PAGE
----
Bridging online and offline commerce: Interview with Demandware


By Chris Lee

A recent study into the retail industry by on-demand digital commerce enabler Demandware found that near 40 per cent of retailers want a single platform to manage consumer interactions and transactions across all channels. The report’s author also said that twice as many retailers plan to leverage ecommerce (38 per cent) over traditional point-of-sale (POS) systems (19 per cent) to support this strategic direction.

NMK caught up with Rob Garf, Vice President of Industry Strategy and Insights at Demandware, to find out how retailers could address some of the opportunities and challenges presented by omni-channel enablement as well as some of the drivers encouraging retailers to make the change.

Bring online and offline onto a single platform

Garf believes that the new retail reality would be better served by a single platform at the centre of the consumer shopping experience. He believes that a single platform simplifies the technology environment, serving as the bridge between the virtual and physical shopping worlds.

“This capability enables retailers to move at the speed of consumers, while also consolidating and managing key data elements, business rules, and functionality that historically lived in multiple systems,” he told NMK. “As a result, retailers can deliver a seamless shopping experience across channels. And this aligns with what retailers are looking for.”

According to the study, retail leaders stated a single platform should enhance customer service, standardise business processes, and increase store associate productivity.

In-store technology has a key role to play

Garf argues that there will be significant store investments as retailers aggressively break tradition by launching new store formats, revamping aging locations, testing new concepts, and bringing digital capabilities into the four walls. Demandware says that 80 per cent of retailers surveyed expect to maintain or increase store technology investments over the next three years.

Many of these investments are targeted at the traditional POS system, with 70 per cent of retail executives reporting that their organisation is currently deploying or planning to refresh its existing software in the next three years.

“This POS refresh cycle – which historically occurred approximately every 12 years – has prompted technology leaders to rethink traditional store-centric software, along with other consumer-facing technology, and consider a single commerce instance across channels,” Garf added.

POS will be supplanted by ecommerce technology

Since the advent of the electronic cash register in 1974, Garf argues that traditional store-based POS systems have managed nearly all retail transactions.

“It took 30 years and the emergence of the Internet for another technology – and channel – to chip away at the status quo,” Garf said, citing that Forrester Research predicts that ecommerce will reach $371 billion by 2017 in the US alone, when it will account for a tenth (10 per cent) of all retail sales. Forrester also estimates that half (49.5 per cent) of total US retail sales today are impacted by the web in some way.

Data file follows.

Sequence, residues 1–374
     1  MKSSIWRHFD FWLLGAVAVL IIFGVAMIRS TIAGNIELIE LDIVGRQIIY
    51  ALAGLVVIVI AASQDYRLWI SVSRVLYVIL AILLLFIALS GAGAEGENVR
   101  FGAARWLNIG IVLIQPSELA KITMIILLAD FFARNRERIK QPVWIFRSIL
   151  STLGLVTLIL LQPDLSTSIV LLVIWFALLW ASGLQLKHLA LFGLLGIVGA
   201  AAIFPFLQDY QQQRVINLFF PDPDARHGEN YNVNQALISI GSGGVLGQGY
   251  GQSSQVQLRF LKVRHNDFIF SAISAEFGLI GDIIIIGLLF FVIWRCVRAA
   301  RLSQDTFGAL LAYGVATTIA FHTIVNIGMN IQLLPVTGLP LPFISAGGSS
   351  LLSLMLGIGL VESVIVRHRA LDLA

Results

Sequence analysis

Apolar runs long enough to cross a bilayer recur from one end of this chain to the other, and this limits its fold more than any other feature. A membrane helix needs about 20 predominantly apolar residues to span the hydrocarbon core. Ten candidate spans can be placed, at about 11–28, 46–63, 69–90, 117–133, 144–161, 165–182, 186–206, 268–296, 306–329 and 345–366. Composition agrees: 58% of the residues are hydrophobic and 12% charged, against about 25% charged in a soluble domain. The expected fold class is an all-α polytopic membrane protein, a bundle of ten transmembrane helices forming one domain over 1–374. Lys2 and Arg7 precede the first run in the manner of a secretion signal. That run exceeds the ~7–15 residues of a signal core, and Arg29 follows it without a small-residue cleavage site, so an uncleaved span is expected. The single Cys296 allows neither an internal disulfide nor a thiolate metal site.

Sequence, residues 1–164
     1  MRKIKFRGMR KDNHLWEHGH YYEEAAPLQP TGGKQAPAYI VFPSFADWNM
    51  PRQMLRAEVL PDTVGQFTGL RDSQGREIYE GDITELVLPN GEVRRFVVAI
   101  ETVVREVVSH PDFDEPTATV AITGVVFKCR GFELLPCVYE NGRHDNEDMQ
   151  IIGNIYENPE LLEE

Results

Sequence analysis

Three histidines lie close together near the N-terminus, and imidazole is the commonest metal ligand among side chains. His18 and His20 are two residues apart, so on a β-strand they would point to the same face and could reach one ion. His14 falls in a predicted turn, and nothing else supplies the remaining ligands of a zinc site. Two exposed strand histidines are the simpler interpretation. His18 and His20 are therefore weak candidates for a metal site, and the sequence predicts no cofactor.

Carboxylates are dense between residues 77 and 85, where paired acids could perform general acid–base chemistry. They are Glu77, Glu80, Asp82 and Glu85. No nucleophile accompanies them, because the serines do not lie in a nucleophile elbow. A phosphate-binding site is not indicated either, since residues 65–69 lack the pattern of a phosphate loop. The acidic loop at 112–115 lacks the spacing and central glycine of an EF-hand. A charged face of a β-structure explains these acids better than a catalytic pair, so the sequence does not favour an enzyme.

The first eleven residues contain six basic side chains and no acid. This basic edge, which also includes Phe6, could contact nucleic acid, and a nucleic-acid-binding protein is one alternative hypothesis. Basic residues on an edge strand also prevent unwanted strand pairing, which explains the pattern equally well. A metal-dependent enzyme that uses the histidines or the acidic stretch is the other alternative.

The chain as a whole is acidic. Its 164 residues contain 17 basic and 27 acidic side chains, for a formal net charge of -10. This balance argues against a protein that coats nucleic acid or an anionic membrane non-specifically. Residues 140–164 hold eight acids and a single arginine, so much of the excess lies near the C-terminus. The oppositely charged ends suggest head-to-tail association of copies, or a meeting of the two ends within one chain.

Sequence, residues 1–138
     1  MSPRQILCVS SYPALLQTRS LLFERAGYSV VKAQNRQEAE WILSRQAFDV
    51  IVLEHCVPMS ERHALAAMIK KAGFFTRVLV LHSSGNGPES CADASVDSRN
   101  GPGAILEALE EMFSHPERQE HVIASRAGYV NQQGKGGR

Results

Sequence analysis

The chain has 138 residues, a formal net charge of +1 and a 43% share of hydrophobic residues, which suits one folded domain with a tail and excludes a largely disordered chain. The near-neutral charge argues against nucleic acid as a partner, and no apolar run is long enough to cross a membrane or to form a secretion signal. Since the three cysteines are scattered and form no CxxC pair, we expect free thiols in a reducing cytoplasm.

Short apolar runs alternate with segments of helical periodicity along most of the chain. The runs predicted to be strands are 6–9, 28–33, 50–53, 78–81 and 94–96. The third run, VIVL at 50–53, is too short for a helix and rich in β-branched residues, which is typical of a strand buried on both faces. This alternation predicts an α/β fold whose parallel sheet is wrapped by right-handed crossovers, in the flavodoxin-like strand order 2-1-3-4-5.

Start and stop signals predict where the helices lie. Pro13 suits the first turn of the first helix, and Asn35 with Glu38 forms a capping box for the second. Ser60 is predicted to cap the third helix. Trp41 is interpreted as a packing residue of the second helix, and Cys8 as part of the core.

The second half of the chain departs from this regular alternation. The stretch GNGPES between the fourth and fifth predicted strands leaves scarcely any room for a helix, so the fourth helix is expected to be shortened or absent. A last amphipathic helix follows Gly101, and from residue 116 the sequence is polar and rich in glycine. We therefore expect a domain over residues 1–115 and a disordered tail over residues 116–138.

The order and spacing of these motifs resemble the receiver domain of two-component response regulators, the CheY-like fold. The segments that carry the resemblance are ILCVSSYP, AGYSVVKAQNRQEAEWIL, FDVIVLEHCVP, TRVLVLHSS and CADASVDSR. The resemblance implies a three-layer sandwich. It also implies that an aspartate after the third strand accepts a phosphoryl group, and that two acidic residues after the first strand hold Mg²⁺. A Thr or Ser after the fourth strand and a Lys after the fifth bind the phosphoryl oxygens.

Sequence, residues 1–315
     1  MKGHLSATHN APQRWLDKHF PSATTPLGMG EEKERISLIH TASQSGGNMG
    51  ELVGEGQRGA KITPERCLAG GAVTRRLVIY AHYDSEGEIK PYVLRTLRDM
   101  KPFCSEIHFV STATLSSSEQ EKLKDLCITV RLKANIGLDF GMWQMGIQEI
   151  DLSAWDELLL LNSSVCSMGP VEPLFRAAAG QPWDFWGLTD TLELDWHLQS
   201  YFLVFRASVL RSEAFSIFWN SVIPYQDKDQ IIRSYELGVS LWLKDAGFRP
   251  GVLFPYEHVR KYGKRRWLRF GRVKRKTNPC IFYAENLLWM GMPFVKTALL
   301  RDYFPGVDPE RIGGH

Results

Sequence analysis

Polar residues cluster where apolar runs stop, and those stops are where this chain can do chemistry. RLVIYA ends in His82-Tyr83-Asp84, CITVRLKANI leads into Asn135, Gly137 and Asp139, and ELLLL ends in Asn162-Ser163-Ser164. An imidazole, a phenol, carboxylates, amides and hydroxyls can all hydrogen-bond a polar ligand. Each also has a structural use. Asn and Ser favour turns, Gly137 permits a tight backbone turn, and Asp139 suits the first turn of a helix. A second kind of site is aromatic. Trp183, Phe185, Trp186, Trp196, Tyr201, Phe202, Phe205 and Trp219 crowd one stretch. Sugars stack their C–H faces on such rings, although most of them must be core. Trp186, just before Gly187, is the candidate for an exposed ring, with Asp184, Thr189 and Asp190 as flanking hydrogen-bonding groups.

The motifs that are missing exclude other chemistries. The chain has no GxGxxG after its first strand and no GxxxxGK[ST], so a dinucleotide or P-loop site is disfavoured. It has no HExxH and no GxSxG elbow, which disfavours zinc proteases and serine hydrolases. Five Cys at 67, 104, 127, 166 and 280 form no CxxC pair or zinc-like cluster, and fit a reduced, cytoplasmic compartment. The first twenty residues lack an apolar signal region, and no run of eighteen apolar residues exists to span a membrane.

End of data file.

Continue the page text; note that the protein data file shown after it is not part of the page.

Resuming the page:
Garf believes that during the past 15 years, ecommerce functionality, architecture and extendibility designed for online shopping have surpassed store POS applications. As a result, traditional POS, call centre and mobile technologies that directly interact with consumers are increasingly being supplanted by ecommerce to establish a single consumer platform.

Tips for driving change

Garf warned that retailers must proactively address key technology imperatives.

“Before retailers can truly reap the benefits of investments made in a single platform to connect the online and offline world, they need to consider the following three overarching imperatives to take advantage of this unprecedented change the retail industry is experiencing,” he recommended:

1. Understand Market and Internal Landscape: Retailers must understand the broader marketplace and current state of technology solutions, as well as the internal structure of their organisation and key stakeholders

2. Establish Technology Roadmap: Retail executives we surveyed highlighted the challenges involved with complex migrations of legacy systems to a new environment and the need for significant capital investment for a ‘big bang’ approach. The transformation to extend a singular platform across channels—particularly into physical stores—won’t and can’t happen overnight. Retailers need to develop their own technology roadmap that defines success, supports business initiatives and defines a path with clear milestones

3. Drive Continual Innovation: Consumer demands are changing at a rapid pace and innovation is currency in the shopping experience. Innovation and speed are not one-time events. Instead, they must become standard operating procedure, made possible by a flexible and scalable platform

Garf concluded: “With simplified architecture, synchronised data and real-time intelligence, a single platform presents great opportunities for retailers to deliver a seamless and consistent consumer experience across any channel. But there are steps a retailer must take to ensure the evolution of the store is done at the retailer’s pace, in a manner that makes sense for their organisation.”

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